The economics of Egypt’s revolution, one year on
It is 08:00 and dozens of battered buses, pick-up trucks and tuk-tuks are clattering along a narrow dirt road.
They are all heading towards Giza Spinning & Weaving Company to drop off the 5,000 workers at a factory on the outskirts of Cairo.
The buses toot their horns as they drive into the factory courtyard. The workers then dodge the other buses pulling in and make their way on to the factory floor.
Five minutes later, the courtyard is silent. Workers are taking up their places at their sewing machines or work tables.
Then the cutting, stitching and labelling of material begins. The workers' handiwork will then be shipped on to retailers across the world.
For a country whose economy has been brought to a near standstill since its revolution a year ago, the din on the factory floor is a welcome noise.
What better evidence that people here are back to work?
It has not been an easy year for the business. Emboldened by the revolution, workers across Egypt have gone on strike for political and economic demands, and people at this factory are no different.
Giza Spinning & Weaving has seen several strikes in the past year.
As a result, the company has raised salaries by an average of 30%. But production manager Adel al-Gafary says that is still not enough for workers here. Inflation in Egypt is soaring and raising salaries is not enough.
"We do what we can to make the situation better for the workers but within limits of what's going on in the country," says Mr Gafary.
"The economic climate in the country is restrictive - workers are complaining, there's constant inflation and it's true - even though the owner's increasing salaries, it's all sucked up in price increases."
To make matters worse, while salaries have risen at the factory, business has fallen by about 40%. But raising salaries is a cost that the company's chairman Mohamed Marzouk is willing to bear, if only to keep the factory running.
"It's not a matter of profit right now, it's about how to get through the problem," says Mr Marzouk. "We are looking for stabilisation and to capture back our markets which we lost."
According to Mr Marzouk, his customers from the US and Europe have looked to other suppliers, amid concern that he would fail to deliver on his contracts or shipments because of the unrest.
"The major problem is trust," he says. "Once we get that back, things will get better."
But in order for things to really improve, Egypt's economy needs to strengthen too.
In the past year, revenue from tourism - one of Egypt's big foreign earners - has fallen by about a third. And about one in four people under the age of 25 is still jobless - a worrying statistic, given that unemployment was one of the major causes of the revolution.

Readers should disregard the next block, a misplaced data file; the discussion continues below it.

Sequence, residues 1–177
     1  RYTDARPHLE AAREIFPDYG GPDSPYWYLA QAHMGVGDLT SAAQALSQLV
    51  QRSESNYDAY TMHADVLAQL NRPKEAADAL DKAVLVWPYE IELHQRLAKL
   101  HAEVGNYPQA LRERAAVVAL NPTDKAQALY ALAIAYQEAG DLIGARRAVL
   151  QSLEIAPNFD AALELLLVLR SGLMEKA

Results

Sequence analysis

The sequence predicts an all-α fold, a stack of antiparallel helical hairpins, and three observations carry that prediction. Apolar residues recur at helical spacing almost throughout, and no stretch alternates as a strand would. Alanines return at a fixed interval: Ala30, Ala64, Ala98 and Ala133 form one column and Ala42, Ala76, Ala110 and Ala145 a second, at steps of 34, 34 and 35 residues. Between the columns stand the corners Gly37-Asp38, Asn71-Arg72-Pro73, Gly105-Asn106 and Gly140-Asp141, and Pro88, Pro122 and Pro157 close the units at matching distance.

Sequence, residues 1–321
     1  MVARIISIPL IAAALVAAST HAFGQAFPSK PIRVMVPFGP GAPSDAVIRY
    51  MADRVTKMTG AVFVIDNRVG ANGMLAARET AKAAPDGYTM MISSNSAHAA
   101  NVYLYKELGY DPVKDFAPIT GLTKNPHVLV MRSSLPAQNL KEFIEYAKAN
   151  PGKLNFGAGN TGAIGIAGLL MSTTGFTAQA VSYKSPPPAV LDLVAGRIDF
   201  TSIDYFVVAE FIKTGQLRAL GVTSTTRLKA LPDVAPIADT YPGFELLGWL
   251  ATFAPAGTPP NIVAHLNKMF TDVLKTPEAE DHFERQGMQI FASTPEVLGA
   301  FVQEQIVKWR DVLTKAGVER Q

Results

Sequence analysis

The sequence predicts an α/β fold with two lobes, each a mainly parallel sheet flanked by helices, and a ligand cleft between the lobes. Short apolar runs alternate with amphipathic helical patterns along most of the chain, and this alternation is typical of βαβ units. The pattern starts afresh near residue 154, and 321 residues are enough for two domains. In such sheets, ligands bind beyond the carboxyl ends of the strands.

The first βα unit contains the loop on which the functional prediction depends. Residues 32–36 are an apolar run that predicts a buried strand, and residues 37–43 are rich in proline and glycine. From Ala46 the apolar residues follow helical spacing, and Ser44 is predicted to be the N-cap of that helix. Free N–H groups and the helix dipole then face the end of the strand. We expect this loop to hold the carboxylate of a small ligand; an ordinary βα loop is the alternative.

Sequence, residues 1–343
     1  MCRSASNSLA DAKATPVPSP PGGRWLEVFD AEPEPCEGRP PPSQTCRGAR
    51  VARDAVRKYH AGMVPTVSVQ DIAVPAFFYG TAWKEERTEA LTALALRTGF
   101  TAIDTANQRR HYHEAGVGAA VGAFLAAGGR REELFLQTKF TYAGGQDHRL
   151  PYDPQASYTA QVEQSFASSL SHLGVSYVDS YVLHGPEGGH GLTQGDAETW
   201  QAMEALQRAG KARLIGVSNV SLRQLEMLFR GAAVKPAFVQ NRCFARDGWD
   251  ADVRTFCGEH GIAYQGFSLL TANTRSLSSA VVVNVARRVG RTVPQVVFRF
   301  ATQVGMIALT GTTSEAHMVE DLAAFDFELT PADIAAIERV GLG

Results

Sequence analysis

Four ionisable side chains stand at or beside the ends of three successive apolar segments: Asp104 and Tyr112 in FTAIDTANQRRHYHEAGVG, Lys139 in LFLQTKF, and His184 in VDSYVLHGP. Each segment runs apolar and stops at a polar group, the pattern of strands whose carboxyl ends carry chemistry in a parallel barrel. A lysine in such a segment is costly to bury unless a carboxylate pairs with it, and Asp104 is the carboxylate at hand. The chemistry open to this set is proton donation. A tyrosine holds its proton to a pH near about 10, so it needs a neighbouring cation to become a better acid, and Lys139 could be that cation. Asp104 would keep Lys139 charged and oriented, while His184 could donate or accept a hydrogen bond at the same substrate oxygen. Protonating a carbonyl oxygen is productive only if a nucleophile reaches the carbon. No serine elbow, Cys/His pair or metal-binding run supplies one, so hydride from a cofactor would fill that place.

Egypt's economic crisis is clearly worrying those at the top too.
Initially the government said it would do without any international assistance in the way of loans, but in the past few weeks, Egypt has reopened talks with the International Monetary Fund for an estimated $3.2bn to help plug a growing budget deficit.
While the country faces funding problems, the problem is even more acute for Egypt's small businesses.
In the affluent Cairo suburb of Maadi, small cafes and restaurants line the streets. Maybe Two, which sells frozen yoghurts, is one of the newest additions to the neighbourhood.
Founded by 28-year-old Mohamed Ashour and three of his friends, they launched their business just a few weeks before the revolution. When protests started, everything changed.
"We thought it was going to be OK, then two days later we had to literally shut down the store because the country was in a mess and people were stealing," Mohamed says.
"It really did affect our cash flow as a start-up business, we never expected that to happen so we had to really reconsider what we should be doing."
But Hoda Selim from the Economic Research Forum in Cairo says businesses like Mr Ashour's are crucial for Egypt.
"Most of these businesses lack access to finance, they face huge costs in terms of starting up their own businesses, dealing with red tape," she says.
"This sector has huge potential and can actually contribute much more to the economy."
Mr Ashour and his partners are still hopeful. They have three branches across Cairo now and they are planning further expansion.
A lack of funds from investors slowed things down and Mr Ashour says he was lucky because their friends clubbed together with funds to help grow the business in the absence of institutional investors.
This year has been a learning curve for them all but Mr Ashour is sure about one thing.
"I'm a believer in the revolution, I just don't believe that this is the right way to approach it," he says.
"Going on strikes and leaving your job and ruining the economy wouldn't get you any closer to where you want."